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Manipulation to the Foot (Medial Border)

by David Lintonbon(more info)

listed in osteopathy, originally published in issue 210 - November 2013


The operator should insure that they have a good knowledge of the foot’s surface anatomy thereby enabling them to palpate/locate the intrinsic bones of the foot, and their associated joints.

The most important anatomical landmark of the medial border is the navicular tubercle.

Navicular tubercle

Medial Border

This consists of the following joints

  1. Talo/navicular;
  2. Navicular cuneiform;
  3. Cuneiform metatarsal;
  4. Metatarsal/interphalangeal.

The key to carrying out successful foot manipulation is to keep one of the bones of the joint fixed whilst moving the other bone, usually the distal one.

It is important to maintain dorsiflexion of the ankle mortice thereby locking it, as well as limiting movement of the talus and calcaneum. Thereby ensuring specific movements of the joints of the medial border of the foot.

Talo-Navicular Joint

Type: Modified Ball and Socket


  1. The operator locates the talus with the web of their hand;
  2. With the lower hand, the index finger is placed around the navicular and brings the foot into dorsiflexion;
  3. With both arms and elbows locked (this will prevent RSI in the operator), the operator is able to move the navicular in a circumductory movement around the fixed talus by the operator using their body weight to initiate motion, bending their knee where necessary, thus insuring correct posture;
  4. When dysfunction is encountered a rapid low velocity impulse is applied with minimum depth across the joint.

HVT to Talo-Navicular Joint

Fig 1: HVT to Talo-Navicular Joint

Navicular-Medial Cuneiform Joint

Type: Multi-faceted Plane


  1. The operator wraps the web of their lower hand around the navicular (using the navicular tubercle as a landmark) whilst also maintaining dorsi-flexion;
  2. The index finger of the lower hand is wrapped around the medial cuneiform;
  3. With the navicular fixed, again with the operator using fixed elbows, the cuneiform is sheared into dorsi/plantar flexion. A small amount of medial/lateral shearing is also possible;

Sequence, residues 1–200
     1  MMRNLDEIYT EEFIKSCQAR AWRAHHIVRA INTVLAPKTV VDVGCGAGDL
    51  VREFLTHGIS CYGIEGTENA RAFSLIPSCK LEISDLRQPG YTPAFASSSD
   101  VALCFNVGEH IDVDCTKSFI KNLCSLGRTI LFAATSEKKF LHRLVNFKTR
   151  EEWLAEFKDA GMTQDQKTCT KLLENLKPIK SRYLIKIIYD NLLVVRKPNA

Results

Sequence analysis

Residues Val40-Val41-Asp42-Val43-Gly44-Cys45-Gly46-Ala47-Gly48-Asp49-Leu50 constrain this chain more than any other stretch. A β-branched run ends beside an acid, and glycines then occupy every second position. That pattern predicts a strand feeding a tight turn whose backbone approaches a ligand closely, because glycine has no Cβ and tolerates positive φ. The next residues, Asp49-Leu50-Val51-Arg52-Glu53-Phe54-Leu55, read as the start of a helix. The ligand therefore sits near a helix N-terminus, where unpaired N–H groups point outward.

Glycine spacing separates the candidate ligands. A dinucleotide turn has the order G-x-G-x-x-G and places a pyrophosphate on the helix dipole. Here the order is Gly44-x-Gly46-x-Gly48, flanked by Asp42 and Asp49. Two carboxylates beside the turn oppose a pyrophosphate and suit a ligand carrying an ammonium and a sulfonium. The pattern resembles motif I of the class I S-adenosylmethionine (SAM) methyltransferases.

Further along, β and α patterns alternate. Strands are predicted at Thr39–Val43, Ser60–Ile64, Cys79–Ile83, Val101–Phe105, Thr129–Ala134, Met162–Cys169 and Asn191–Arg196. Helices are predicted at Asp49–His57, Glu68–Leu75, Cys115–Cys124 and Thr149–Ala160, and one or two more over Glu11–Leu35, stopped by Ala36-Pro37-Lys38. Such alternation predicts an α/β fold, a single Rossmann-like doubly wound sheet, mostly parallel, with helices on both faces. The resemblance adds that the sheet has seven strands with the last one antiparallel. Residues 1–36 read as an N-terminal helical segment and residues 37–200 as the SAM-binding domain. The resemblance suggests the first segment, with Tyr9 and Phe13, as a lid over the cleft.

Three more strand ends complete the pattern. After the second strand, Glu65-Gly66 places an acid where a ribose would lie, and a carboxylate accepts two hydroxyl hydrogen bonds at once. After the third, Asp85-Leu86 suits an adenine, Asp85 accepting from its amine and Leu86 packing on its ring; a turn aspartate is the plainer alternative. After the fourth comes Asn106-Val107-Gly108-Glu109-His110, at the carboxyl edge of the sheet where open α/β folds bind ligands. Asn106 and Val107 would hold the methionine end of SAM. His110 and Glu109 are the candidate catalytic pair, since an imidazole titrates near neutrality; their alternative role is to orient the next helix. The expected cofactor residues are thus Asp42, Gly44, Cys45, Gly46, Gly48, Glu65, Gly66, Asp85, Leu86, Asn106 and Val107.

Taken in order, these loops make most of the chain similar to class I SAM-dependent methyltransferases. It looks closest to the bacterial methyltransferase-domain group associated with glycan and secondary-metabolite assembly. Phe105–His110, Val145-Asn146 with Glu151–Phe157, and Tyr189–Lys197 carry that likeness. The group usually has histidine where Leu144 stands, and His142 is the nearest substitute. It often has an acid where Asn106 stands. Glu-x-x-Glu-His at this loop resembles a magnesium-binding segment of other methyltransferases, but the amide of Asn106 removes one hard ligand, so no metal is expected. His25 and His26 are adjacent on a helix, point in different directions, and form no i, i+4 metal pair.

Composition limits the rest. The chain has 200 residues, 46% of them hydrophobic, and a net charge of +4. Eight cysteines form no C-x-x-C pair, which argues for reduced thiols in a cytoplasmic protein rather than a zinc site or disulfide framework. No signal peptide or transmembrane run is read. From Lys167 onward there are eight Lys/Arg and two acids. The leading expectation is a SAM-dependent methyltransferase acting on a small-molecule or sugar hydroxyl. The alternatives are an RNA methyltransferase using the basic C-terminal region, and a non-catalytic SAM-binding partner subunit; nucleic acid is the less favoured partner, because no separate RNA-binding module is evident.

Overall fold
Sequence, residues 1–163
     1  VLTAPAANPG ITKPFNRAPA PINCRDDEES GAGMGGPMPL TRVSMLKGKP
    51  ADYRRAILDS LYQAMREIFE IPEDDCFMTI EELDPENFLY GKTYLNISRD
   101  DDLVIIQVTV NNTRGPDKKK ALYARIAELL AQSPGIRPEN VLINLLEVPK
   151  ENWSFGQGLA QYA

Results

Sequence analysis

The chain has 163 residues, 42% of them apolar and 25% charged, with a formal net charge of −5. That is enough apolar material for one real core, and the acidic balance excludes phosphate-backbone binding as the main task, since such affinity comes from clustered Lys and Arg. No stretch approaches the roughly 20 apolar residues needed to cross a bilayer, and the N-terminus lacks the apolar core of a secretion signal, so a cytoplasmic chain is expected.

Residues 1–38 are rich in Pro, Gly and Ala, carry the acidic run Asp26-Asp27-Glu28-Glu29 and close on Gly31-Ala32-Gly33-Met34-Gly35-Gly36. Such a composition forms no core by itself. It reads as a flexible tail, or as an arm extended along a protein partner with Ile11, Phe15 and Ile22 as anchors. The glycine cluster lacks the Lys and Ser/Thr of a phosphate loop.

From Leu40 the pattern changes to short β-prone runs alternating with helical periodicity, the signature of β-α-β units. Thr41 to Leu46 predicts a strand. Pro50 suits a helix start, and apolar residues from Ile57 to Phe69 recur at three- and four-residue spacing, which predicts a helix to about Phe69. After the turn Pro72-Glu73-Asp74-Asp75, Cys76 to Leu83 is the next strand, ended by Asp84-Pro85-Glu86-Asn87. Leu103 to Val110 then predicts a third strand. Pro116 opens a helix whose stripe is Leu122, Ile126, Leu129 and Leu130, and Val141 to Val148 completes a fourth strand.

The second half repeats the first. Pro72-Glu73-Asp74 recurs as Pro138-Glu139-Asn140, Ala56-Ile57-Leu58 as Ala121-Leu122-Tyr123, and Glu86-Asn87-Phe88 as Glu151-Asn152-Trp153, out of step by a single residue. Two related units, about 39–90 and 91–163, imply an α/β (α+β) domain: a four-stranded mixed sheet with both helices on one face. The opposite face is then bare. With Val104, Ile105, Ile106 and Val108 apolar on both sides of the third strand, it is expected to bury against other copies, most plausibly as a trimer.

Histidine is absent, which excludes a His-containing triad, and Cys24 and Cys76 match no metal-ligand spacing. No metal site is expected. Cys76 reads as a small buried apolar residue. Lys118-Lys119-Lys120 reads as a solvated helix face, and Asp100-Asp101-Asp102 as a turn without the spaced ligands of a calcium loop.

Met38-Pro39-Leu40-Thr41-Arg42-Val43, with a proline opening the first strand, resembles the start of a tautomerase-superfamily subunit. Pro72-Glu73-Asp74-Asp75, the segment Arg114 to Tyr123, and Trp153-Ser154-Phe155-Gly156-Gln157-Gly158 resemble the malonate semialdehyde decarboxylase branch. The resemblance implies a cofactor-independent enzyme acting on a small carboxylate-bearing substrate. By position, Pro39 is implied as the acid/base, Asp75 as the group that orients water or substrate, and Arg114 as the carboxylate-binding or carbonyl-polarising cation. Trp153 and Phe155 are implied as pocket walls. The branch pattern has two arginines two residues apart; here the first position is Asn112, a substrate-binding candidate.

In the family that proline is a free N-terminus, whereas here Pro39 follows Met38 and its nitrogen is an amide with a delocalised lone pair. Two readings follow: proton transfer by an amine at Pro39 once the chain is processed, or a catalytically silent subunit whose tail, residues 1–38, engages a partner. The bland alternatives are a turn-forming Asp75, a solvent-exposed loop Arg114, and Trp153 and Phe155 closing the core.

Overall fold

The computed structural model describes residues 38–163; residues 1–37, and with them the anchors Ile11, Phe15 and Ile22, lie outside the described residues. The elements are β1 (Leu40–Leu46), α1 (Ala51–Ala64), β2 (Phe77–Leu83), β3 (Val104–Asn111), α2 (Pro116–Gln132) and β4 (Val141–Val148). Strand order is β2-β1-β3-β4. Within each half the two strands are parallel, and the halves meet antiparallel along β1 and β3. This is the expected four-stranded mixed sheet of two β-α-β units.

4. When dysfunction is encountered, a rapid low velocity impulse is applied with minimum depth across the joint.

HVT to Navicular-Med Cuneiform Joint

Fig 2: HVT to Navicular-Med Cuneiform Joint

Medial-Cuneiform  First Metatarsal Joint

Type: Hinge/Plane Joint


  1. The operator wraps the web of their hand around the medial-cuneiform whilst simultaneously maintaining dorsi-flexion;
  2. The operator then places their thumb over the dorsal aspect of the first met, whilst placing the pad of their index finger under the plantar aspect of the first met, thereby creating a clamp like grip;
  3. With the medial-cuneiform fixed, the operator is again using a fixed elbow to apply a hinge-like motion through the joint, whilst maintaining correct posture and bending their knee where necessary;
  4. When dysfunction is encountered a rapid low-velocity impulse is applied with minimum depth across the joint.
    N.B. Always re-motion test following manipulation.

HVT Med Cuneiform-1st Metatarsal Joint

Fig 3: HVT Med Cuneiform-1st Metatarsal Joint


  1. Professor/Dr Brian A Rothbart said..

    The foot manipulations procedures Dr Lintonbon described in his article - Manipulation of the Foot - are indeed effective interventions for repositioning the medial column back into its anatomical neutral position.

    However, the issue that needs to be determined is why do the foot subluxations occur. Is it due to trauma, pathology or possibly abnormal inherited foot structures.

    If the foot subluxations are the result of trauma to the medial column of the foot, the foot manipulation techniques described by Dr Lintonbon would be my intervention of choice. But if the foot subluxations are the result of either The PreClinical Clubfoot Deformity or Rothbarts Foot (inherited abnormal foot structures) then manipulation of the foot will not premanently resolve the problem.

    Professor Rothbart

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About David Lintonbon

David Lintonbon DO PG Cert (Clin Ed) qualified from the British School of Osteopathy in 1985 where he was taught most of his manipulative skills by Laurie Hartman DO. On graduating he went to work in the West Country and developed further osteopathic techniques for the treatment of sports injuries by working with players from various football and rugby clubs in the area. Whilst in this area he also studied post graduate teaching at Dartington College Devon. Upon returning to London, David went to work for the British School of Osteopathy in 1996. He subsequently developed a DVD on osteopathic technique used for the teaching of students and practitioners of manual medicine which can be purchased at

Continuing to treat sports related injuries, David spent 2 years with Manchester City FC developing a training programme for their physios in the treatment of the team. With an eye on London Olympics 2012, he is now working in conjunction with medical health product manufacturer Cetuem to develop an anti-inflammatory gel for the treatment of joint and muscle pain to be  launched at the Back Pain Show at London Olympia in Feb 2012.

He is currently working on a book on osteopathic technique. David also works at the London School of Osteopathy as a clinic tutor and lecturer as part of their teaching programme for students and osteopaths and works in private practice at the Integrated Medical Centre, 121 Crawford Street, London W1U 6BE. David may be contacted on Tel: 07958 488 784 or via;;

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